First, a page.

Train companies use maintenance vehicles that can switch from road to rails, however, this is the first time I’ve seen bus do this. Japan Rail is testing the bus-train combo on the island of Hokkaido. The system seems to work because the mass transit there is not mass at all.
Dual-mode vehicles have four rubber tires for road use and four steel wheels for the rails, and it takes less than 15 seconds to go from road to rail and back again. It drives just like a bus on the road, and a hydraulic system raises the tires and lowers the steel wheels as the driver guides the vehicle onto the tracks.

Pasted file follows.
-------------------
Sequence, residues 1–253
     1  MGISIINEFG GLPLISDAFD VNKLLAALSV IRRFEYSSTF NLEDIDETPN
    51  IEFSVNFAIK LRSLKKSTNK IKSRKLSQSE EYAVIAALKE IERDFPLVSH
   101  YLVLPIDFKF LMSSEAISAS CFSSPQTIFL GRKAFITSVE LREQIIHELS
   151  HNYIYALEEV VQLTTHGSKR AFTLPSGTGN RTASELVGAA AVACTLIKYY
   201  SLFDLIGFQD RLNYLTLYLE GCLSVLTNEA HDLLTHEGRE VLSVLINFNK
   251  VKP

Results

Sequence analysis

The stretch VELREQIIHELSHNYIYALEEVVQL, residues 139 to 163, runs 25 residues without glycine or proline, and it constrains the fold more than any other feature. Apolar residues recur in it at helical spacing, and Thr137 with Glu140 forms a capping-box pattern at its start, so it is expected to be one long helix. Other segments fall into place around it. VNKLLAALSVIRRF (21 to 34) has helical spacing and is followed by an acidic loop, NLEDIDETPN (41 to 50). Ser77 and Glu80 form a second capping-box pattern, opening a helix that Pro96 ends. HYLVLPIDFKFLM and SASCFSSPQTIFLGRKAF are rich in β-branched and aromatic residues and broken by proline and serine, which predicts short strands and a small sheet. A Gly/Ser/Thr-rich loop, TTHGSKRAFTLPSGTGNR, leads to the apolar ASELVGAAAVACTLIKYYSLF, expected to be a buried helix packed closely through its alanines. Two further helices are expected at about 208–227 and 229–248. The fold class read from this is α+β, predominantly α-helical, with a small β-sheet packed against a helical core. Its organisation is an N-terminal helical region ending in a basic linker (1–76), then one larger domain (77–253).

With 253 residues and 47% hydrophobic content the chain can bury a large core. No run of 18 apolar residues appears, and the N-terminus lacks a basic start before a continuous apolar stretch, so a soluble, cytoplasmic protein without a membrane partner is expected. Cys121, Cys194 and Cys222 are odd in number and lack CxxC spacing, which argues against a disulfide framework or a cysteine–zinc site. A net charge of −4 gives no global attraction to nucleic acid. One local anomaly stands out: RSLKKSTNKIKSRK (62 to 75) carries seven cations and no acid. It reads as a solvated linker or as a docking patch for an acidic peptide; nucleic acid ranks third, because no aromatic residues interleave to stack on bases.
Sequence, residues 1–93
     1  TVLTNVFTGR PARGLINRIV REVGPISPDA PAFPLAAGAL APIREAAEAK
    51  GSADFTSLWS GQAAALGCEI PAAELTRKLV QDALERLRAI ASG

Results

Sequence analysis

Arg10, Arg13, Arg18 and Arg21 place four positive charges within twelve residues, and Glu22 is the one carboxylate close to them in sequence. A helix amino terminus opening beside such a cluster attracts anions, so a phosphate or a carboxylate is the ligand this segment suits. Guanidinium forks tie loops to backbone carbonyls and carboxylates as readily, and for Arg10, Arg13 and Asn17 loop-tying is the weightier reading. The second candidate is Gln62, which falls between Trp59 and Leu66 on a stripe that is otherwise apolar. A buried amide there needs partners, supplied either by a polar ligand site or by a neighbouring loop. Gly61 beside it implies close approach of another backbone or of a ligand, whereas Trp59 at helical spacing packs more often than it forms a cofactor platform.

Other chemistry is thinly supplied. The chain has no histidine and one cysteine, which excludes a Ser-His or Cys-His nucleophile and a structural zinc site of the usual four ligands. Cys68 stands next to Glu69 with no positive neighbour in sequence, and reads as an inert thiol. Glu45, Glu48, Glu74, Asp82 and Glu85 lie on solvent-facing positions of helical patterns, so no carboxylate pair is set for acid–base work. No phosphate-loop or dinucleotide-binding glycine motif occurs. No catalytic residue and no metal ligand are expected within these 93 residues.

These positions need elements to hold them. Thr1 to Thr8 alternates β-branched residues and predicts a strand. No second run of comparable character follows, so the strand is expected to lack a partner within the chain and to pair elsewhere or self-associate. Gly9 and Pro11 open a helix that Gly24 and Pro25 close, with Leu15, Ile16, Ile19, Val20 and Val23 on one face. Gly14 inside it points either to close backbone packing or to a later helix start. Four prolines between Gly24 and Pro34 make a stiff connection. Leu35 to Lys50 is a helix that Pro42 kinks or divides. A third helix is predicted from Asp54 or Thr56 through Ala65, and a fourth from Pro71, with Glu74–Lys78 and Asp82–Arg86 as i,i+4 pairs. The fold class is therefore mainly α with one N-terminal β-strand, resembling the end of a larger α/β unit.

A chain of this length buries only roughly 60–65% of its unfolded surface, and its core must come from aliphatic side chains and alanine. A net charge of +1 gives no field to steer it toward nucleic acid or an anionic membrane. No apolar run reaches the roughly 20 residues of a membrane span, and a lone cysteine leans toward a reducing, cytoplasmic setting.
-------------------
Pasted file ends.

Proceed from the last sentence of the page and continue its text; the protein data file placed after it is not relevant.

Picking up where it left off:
Japan Rail provides rail service for the island of Hokkaido, and about one-third of its lines carry less than 500 people. It developed the dual-mode vehicles as a means of cutting costs on those lines without reducing service. The vehicles use a Toyota microbus body and axles built by Hino. The two companies will help Japan Rail refine the technology and increase passenger capacity with an eye toward commercial production.